Objectives: The study aimed to find the threshold of benefit for a hypothetical cholesterol-lowering drug below which the subject would not be prepared to take the drug. We also looked at whether proximity to the target event (myocardial infarction) and the subjects' views on drug taking affected this threshold.
Design: We studied 307 subjects using a written questionnaire and interview. Group 1 (102 subjects) had just been discharged from the coronary care unit. Group 2 (105 subjects) were taking cardio-protective drugs but had no recent history of myocardial infarction. Group 3 (100 subjects) had no history of myocardial infarction and were taking no cardio-protective drugs.
Results: Median values for the threshold of benefit below which the subject would not take the preventive drug were 20%, 20%, and 30% absolute risk reduction for Groups 1, 2 and 3 respectively. Median values for expectation of average prolongation of life were 12, 12 and 18 months respectively. Only 27% of subjects would take a drug offering 5% or less absolute risk reduction over five years. Subjects' views on medicinal drug taking in general and proximity to the target event were predictors of the acceptance of preventive drugs. Eighty percent of subjects wished to be told the numerical benefit of a preventive drug before starting on it.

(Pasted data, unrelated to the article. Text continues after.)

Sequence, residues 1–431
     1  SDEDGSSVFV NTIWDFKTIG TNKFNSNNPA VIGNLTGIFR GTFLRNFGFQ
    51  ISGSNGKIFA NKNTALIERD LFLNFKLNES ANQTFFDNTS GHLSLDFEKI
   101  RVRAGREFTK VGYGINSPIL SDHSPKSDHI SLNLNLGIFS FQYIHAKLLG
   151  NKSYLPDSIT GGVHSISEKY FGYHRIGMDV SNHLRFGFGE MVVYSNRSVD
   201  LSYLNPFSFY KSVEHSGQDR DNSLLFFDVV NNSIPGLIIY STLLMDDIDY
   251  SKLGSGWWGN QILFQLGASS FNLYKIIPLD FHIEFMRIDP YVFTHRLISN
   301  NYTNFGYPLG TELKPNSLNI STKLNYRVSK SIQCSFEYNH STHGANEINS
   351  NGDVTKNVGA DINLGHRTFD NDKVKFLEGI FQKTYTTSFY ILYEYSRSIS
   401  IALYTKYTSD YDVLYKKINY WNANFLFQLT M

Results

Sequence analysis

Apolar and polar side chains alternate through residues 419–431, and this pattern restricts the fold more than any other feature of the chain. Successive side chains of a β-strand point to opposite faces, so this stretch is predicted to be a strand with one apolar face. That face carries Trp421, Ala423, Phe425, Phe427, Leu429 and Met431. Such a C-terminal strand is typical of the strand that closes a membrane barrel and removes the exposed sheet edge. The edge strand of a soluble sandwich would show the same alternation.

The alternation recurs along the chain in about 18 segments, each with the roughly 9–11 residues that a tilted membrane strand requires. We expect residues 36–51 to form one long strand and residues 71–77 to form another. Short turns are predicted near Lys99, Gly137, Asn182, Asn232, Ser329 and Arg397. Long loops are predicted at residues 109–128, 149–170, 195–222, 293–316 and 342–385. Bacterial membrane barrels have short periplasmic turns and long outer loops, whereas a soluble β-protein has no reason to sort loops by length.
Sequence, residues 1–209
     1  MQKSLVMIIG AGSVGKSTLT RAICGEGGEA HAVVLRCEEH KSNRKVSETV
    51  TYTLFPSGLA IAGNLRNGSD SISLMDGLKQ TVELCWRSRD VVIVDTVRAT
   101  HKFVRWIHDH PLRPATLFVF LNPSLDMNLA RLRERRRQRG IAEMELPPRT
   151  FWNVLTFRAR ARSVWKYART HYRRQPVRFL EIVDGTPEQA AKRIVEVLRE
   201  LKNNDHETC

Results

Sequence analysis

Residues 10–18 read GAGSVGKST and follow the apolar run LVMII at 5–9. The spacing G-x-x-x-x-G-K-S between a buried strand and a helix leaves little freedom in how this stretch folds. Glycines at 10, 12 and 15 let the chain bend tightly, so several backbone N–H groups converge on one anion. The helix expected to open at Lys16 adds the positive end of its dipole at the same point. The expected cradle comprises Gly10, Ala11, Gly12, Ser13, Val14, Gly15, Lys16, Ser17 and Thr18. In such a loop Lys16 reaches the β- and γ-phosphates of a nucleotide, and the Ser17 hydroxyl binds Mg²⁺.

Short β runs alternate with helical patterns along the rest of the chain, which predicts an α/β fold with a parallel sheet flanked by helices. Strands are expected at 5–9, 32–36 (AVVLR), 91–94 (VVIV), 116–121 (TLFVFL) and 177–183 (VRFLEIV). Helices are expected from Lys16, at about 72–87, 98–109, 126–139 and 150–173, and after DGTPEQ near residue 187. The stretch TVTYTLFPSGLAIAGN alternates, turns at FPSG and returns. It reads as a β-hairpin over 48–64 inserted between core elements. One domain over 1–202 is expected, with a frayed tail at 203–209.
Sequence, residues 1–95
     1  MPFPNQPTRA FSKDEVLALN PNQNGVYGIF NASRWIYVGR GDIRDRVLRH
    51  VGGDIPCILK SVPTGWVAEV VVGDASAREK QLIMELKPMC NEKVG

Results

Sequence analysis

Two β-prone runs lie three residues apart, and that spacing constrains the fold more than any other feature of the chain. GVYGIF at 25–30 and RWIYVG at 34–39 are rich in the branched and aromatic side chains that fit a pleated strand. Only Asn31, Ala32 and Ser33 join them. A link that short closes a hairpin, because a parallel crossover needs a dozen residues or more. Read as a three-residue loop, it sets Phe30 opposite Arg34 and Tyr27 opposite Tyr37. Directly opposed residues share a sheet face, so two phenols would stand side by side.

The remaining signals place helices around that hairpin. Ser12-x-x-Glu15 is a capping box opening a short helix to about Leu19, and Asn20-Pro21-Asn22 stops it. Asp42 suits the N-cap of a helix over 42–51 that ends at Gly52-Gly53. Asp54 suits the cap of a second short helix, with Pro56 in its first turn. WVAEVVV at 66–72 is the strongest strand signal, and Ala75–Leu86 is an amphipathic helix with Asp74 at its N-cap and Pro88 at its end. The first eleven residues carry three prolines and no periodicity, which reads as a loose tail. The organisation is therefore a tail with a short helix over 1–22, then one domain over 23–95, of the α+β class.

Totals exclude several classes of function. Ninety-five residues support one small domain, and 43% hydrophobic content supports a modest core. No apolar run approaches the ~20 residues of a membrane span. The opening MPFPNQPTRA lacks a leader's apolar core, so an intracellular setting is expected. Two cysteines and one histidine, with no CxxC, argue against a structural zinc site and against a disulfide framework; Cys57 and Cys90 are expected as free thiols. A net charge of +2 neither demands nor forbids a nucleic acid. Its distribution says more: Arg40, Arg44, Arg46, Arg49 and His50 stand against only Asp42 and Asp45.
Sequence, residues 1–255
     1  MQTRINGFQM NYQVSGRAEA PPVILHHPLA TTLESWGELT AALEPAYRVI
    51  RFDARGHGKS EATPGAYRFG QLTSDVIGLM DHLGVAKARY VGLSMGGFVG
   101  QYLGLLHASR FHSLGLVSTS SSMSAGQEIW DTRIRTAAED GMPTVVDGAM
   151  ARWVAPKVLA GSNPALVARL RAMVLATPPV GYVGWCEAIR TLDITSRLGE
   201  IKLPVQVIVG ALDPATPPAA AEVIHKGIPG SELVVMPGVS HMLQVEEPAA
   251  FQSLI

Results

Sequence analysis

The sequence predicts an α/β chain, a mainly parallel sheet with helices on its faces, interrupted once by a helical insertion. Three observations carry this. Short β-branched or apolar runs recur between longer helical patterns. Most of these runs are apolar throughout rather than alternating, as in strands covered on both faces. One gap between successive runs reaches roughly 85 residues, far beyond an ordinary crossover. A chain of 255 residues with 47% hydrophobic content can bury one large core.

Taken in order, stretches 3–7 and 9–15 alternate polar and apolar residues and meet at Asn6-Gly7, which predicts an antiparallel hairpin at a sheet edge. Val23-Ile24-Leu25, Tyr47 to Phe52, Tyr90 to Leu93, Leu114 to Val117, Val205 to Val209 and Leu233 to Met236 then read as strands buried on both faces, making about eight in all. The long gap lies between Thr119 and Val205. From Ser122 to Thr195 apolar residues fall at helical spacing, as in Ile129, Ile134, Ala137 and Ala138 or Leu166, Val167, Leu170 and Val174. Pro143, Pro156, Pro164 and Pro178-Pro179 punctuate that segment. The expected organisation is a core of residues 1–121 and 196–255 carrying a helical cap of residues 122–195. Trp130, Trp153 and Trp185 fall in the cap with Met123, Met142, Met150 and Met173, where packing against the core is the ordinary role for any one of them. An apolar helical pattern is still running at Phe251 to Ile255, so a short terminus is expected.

Conclusion: For the majority, the expectation of benefit from a preventive drug is higher than the actual benefit provided by current drug strategies. There is a tension between the patient's right to know about the chance of benefiting from a preventive drug and the likely reduction in uptake if they are so informed.